The origin of the Bloody Mary name is subject to dispute as well.Legends, none fully substantiated as far as I can research, attribute the name to such historic and legenday figures as Queen Mary I of England, Hollywood's Mary Pickford, or even the the frightening namesake of the children's dare where they say her name in the mirror.

Of course anything as simple as this can be expanded upon. Over the years countless variations have appeared. A few of note include the Bloody Margaret made with Gin, Bloody Maria with Tequila, and a Bloody Molly with Irish Whiskey. The Bloody Bull sees the addition of Beef Bouillon and a Bloody LeRoy even replaces the tomato juice with BBQ sauce.

My favorite variation on this classic is the Surf and Turf Bloody Mary. I have always loved a great shrimp garnish in mine and I was looking for a way to make it even more of a meal. With proper planning you can cut out that brunch all together! Here is my recipe:

2 oz Vodka
4 oz Bloody Mary Mix (see below)
Rim Old Bay Seasoning (or other crab boil) & Black Pepper
1 each Celery Stalk
1 long piece Beef Jerky
1 each Jumbo Shrimp Cooked
1 each Green Olive, stuffed with Bleu Cheese and Bacon
1 each Green Olive, stuffed with Cream Cheese and Caviar

Rim a pint glass with crab boil and black pepper mixture. Fill another pint glass with ice, add vodka and bloody mary mixture. Shake to chill and crack ice. Transfer to “seasoned” pint glass. Garnish with a long celery stalk, beef jerky, and a skewer of stuffed olives and shrimp.

32 oz Good Quality Tomato Juice
¼ cup Worcestershire Sauce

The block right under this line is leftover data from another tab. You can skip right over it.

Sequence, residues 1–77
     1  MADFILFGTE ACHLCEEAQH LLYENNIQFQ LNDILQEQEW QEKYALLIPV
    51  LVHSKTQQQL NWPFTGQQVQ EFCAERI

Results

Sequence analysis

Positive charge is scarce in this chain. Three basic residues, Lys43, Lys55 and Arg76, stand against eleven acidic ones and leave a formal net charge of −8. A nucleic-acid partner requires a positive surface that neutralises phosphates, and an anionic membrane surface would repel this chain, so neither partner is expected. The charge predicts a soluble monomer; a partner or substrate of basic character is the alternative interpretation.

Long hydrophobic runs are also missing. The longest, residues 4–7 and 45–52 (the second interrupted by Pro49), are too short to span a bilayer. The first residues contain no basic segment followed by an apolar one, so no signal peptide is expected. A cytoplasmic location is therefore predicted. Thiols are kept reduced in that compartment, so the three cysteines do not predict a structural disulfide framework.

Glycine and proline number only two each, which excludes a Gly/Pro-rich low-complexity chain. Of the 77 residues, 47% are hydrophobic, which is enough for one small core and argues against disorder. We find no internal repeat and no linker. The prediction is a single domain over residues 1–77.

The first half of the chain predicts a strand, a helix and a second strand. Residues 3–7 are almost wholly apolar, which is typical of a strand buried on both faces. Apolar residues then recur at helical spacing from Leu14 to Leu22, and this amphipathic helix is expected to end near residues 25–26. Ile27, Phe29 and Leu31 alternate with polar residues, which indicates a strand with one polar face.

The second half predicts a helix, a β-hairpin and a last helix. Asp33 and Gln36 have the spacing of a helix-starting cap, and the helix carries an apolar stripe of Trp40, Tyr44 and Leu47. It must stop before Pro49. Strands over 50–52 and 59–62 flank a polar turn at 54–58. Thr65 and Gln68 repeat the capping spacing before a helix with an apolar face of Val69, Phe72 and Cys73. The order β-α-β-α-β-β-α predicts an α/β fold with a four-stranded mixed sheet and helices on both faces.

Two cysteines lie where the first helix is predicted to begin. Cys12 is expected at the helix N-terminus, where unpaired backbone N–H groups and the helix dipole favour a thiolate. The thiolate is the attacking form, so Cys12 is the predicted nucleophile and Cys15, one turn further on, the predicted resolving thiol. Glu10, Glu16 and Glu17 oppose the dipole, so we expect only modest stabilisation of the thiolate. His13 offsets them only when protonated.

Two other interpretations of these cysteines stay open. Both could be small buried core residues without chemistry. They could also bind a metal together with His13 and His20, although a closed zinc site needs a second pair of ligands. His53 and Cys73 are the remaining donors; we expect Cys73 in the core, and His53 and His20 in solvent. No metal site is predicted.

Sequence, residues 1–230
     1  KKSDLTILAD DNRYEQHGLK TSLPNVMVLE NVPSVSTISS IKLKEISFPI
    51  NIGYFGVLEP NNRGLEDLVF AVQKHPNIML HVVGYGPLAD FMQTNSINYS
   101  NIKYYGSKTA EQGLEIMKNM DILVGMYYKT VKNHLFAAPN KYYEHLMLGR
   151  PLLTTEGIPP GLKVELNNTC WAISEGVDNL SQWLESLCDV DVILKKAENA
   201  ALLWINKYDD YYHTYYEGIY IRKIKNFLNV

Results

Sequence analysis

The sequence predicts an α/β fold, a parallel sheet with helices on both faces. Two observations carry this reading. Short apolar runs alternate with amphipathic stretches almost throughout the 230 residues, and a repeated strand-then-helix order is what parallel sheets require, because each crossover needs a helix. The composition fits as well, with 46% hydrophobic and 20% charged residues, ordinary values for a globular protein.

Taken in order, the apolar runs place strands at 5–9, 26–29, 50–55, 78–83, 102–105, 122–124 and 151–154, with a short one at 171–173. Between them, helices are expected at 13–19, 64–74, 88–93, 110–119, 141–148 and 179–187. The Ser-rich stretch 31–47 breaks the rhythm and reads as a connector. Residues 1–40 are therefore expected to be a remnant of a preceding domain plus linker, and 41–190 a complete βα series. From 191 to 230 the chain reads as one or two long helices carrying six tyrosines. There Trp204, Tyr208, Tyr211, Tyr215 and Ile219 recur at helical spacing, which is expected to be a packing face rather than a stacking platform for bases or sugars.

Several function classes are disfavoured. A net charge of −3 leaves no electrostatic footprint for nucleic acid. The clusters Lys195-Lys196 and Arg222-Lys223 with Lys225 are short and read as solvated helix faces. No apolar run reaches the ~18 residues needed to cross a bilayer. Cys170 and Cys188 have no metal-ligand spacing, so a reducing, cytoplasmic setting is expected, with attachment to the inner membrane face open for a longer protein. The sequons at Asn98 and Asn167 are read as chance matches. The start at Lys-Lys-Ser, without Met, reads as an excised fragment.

2 tablespoons Fresh Lemon Juice
2 tablespoons Tabasco Sauce
1 tablespoon Red Pepper Flake
1 tablespoon Course Ground Black Pepper
1 tablespoon Old Bay Seasoning (or Celery Salt)
¼ cup Prepared Horseradish

In a blender combine all ingredients and blend for one minute. Keep covered and refrigerated up to 5 days.

Monday, November 1, 2010

My Ultimate Gin and Tonic

Gin is back in a big way. The well-known brands are seeing huge increases and, in states where laws allow micro-distilleries, boutique brands are making an impact as well.

We are going to see this juniper elixir and plenty of cocktails this year, but first let's go back to basics and make the best damn G&T we can! Even better,let's go crazy make this perennial cocktail three ways. For each of these choose your favorite premium gin. I like Hendrick's and Boodle's!

1 Part Gin
3 Parts Q Tonic
Ice Cubes

What's so special about this recipe? It's the tonic itself! Forget Schwepps, toss the Canada Dry, and store-brand? DON'T EVEN THINK ABOUT IT. Splurge and get Q Tonic.Q is made with hand picked quinine from the Peruvian Andes, it's sweetened with organic agave (and naturally has 60% fewer calories than regular tonic), and the flavor is crisp with a well rounded sweetness. They also say that a natural tonic such as this improves circulation and accelerates digestion while improving your health!

1 1/2 Parts Gin
1 Part St-Germain
3 Parts Q Tonic

Made from fresh elderflower hand picked in the Alps, St-Germain makes everything taste better. For that reason I have heard more than one professional bartender call it "bar ketchup." It has a delightfully floral sweetness that makes this Gin and Tonic complete. Suggest this to that nay-sayer who says they don't like gin!

1 Part Blueberry Infused Gin (see recipe below)
3 Parts Q Tonic

Well this one takes some planning ahead... at least two weeks to be exact!

Place 1 cup fresh blueberries in a large glass jar, add 1/3 cup sugar and a 750ml bottle of your favorite gin. Shake and set in a cool, dark place for at least two weeks, and up to two months. Shake the jar every now and then while this infusion becomes deliciously blue! Strain well and transfer into a decorative bottle or jar for presentation!

This is pretty darn good with fresh cranberries as well!